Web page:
• Photo-Darlington:- Photo Darlington transistors use a second bipolar NPN transistor to provide additional amplification or when higher sensitivity of a photo detector is required due to low light levels or selective sensitivity, but its response is slower than that of an ordinary NPN phototransistor. Photo Darlington devices consist of a normal phototransistor whose emitter output is coupled to the base of a larger bipolar NPN transistor. Because a Darlington transistor configuration gives a current gain equal to a product of the current gains of two individual transistors, a photo Darlington device produces a very sensitive detector.
Motion Sensor A motion detector is a device for motion detection. That is, it is a device that contains a physical mechanism or electronic sensor that quantifies motion that can be either integrated with or connected to other devices that alert the user of the presence of a moving object within the field of view. An electronic motion detector contains a motion sensor that transforms the detection of motion into an electric signal. This can be achieved by measuring optical or acoustical changes in the field of view. An occupancy sensor is a motion detector that is integrated with a timing device. It senses when motion has stopped for a specified time period in order to trigger a light extinguishing signal.
• Passive Infrared Sensor:- A Passive Infrared sensor (PIR sensor) is an electronic device that measures infrared (IR) light radiating from objects in its field of view. PIR sensors are often used in the construction of PIR-based motion detectors. Apparent motion is detected when an infrared source with one temperature, such as a human, passes in front of an infrared source with another temperature, such as a wall. All objects above absolute zero emit energy in the form of radiation. Usually infrared radiation is invisible to the human eye but can be detected by electronic devices designed for such a purpose. The term passive in this instance means that the PIR device does not emit an infrared beam but merely passively accepts incoming infrared radiation. “Infra” meaning below our ability to detect it visually, and “Red” because this color represents the lowest energy level that our eyes can sense before it becomes invisible.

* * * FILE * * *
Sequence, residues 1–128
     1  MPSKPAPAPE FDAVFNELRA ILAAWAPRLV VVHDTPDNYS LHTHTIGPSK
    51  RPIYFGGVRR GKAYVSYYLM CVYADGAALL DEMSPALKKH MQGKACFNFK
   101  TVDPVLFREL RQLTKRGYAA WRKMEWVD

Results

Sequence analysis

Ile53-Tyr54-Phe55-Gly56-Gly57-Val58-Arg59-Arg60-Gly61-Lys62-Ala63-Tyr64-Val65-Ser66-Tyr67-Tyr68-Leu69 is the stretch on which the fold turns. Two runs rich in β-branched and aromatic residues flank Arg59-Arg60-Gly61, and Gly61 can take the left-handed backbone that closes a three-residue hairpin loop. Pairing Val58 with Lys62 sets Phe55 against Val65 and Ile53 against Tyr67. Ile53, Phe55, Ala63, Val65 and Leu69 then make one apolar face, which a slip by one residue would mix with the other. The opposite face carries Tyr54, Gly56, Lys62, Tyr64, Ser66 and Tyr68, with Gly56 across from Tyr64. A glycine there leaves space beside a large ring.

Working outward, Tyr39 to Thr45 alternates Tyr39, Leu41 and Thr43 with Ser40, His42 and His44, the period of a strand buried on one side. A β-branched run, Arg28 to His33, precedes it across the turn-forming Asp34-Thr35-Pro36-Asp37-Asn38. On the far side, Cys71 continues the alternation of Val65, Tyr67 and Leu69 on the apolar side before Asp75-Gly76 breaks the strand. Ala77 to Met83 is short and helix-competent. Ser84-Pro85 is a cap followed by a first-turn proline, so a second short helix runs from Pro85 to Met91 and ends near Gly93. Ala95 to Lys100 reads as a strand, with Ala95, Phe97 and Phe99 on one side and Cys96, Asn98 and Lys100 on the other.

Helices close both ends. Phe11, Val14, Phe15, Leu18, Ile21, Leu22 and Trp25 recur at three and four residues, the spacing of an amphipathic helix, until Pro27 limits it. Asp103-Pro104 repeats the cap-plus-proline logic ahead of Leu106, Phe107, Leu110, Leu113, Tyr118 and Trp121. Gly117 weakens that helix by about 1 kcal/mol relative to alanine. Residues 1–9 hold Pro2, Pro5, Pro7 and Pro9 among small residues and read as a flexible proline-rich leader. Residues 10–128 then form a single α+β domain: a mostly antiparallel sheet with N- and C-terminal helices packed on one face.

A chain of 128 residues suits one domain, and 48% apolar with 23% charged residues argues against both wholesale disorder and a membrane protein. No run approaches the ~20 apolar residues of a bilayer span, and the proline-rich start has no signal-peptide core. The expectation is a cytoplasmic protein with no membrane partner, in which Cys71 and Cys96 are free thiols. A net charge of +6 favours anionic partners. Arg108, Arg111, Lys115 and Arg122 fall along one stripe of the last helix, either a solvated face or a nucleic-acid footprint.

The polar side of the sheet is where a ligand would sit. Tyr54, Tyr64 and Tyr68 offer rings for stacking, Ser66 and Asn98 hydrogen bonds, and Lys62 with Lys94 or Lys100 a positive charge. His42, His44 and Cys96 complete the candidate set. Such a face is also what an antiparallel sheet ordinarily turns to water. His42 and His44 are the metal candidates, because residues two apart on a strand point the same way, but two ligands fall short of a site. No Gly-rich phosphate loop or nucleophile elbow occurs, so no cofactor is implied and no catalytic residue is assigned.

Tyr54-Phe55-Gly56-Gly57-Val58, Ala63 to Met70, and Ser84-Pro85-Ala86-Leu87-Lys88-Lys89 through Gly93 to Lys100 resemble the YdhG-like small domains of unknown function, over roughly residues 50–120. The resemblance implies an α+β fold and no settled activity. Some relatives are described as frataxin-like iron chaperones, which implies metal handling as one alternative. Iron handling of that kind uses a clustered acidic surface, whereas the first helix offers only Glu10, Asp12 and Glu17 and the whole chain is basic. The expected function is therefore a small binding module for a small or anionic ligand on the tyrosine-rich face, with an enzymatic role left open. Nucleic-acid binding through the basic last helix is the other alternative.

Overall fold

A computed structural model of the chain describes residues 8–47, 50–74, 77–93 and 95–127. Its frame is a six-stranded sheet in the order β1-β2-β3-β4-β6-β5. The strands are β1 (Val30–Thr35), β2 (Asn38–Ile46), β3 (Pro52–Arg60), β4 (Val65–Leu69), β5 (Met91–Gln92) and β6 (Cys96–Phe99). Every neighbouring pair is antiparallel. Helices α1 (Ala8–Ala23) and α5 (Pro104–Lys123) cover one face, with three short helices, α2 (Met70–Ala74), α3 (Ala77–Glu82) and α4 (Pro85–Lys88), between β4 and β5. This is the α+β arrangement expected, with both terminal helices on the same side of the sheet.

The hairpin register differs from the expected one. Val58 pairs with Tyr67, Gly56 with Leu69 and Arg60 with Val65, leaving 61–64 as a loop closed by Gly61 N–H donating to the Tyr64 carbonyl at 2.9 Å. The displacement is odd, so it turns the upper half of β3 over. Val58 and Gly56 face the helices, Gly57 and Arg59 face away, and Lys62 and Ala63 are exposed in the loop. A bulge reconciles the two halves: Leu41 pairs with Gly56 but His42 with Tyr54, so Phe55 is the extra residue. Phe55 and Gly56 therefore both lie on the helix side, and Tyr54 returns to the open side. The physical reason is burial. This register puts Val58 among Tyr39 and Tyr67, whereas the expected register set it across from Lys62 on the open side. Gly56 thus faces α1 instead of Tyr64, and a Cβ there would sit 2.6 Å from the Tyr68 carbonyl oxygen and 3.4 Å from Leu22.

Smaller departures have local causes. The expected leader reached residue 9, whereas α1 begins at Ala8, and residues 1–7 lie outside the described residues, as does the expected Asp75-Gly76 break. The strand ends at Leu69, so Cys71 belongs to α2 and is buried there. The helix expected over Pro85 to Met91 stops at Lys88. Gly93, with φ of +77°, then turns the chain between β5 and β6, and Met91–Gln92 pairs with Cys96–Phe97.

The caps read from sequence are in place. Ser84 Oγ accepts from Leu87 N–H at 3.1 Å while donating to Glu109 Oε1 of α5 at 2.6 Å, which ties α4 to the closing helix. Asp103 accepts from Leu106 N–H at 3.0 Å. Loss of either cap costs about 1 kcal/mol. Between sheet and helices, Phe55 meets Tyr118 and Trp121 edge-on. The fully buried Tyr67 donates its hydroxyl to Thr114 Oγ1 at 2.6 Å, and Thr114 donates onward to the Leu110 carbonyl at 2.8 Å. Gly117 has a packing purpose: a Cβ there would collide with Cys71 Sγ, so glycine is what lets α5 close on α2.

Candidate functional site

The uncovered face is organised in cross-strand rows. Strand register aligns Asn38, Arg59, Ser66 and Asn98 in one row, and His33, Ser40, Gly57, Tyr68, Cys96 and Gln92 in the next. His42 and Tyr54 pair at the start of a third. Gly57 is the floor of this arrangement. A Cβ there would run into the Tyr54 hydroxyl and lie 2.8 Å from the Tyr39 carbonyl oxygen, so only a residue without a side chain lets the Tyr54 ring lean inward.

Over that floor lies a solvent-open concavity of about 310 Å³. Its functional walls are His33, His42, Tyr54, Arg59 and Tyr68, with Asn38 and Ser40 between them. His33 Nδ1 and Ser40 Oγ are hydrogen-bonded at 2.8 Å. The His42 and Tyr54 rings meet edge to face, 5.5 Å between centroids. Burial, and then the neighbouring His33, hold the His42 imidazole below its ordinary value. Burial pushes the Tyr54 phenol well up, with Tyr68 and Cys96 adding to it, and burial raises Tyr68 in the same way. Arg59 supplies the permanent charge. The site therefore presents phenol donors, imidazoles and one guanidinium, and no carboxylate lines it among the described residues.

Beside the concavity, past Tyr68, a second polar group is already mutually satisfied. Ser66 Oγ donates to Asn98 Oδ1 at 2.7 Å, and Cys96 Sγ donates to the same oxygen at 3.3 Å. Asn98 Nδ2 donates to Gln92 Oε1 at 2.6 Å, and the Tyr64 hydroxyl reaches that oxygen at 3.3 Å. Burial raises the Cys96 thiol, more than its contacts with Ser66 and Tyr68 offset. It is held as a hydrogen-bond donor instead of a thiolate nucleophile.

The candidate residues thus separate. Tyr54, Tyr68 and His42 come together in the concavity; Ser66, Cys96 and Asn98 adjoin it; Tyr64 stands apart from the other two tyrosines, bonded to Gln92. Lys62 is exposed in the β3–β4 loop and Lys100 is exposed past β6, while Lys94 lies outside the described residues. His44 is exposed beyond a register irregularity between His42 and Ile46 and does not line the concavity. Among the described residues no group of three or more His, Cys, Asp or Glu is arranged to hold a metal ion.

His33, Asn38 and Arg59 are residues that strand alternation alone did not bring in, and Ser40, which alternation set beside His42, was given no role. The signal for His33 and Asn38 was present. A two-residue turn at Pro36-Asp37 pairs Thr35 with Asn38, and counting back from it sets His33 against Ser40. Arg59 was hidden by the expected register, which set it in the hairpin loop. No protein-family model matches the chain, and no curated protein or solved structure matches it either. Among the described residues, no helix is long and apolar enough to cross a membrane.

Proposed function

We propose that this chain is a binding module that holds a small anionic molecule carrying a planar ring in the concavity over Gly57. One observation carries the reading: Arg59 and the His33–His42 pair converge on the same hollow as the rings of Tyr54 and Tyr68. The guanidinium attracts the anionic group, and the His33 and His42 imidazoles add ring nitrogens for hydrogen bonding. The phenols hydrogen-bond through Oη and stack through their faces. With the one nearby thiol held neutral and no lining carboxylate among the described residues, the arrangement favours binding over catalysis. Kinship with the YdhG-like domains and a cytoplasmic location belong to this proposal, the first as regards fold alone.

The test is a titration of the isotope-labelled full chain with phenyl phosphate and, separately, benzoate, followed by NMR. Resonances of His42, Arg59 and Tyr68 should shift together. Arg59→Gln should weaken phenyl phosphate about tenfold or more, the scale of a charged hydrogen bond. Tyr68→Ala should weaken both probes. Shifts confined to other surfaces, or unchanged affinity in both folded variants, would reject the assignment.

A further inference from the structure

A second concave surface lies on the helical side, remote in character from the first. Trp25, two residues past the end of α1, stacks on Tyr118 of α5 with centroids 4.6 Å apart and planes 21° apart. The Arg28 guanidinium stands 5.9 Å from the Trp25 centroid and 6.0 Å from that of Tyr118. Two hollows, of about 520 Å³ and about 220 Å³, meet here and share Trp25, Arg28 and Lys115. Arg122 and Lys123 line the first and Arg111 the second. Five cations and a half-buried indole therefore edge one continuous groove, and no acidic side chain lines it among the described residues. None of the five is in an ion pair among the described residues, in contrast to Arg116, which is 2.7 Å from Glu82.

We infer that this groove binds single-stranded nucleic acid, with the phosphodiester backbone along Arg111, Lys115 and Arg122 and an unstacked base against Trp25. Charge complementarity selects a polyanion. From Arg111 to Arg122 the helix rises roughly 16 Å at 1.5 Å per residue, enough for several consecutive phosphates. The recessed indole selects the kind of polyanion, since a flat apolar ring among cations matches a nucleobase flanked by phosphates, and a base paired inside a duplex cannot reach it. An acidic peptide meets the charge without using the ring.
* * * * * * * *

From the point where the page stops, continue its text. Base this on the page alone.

• Ultrasonic Sensor:- Ultrasonic sensors work on a principle similar to radar or sonar which evaluate attributes of a target by interpreting the echoes from radio or sound waves respectively. Ultrasonic sensors generate high frequency sound waves and evaluate the echo which is received back by the sensor. Sensors calculate the time interval between sending the signal and receiving the echo to determine the distance to an object. Systems typically use a transducer which generates sound waves in the ultrasonic range, above 18,000 hertz, by turning electrical energy into sound, then upon receiving the echo turn the sound waves into electrical energy which can be measured and displayed.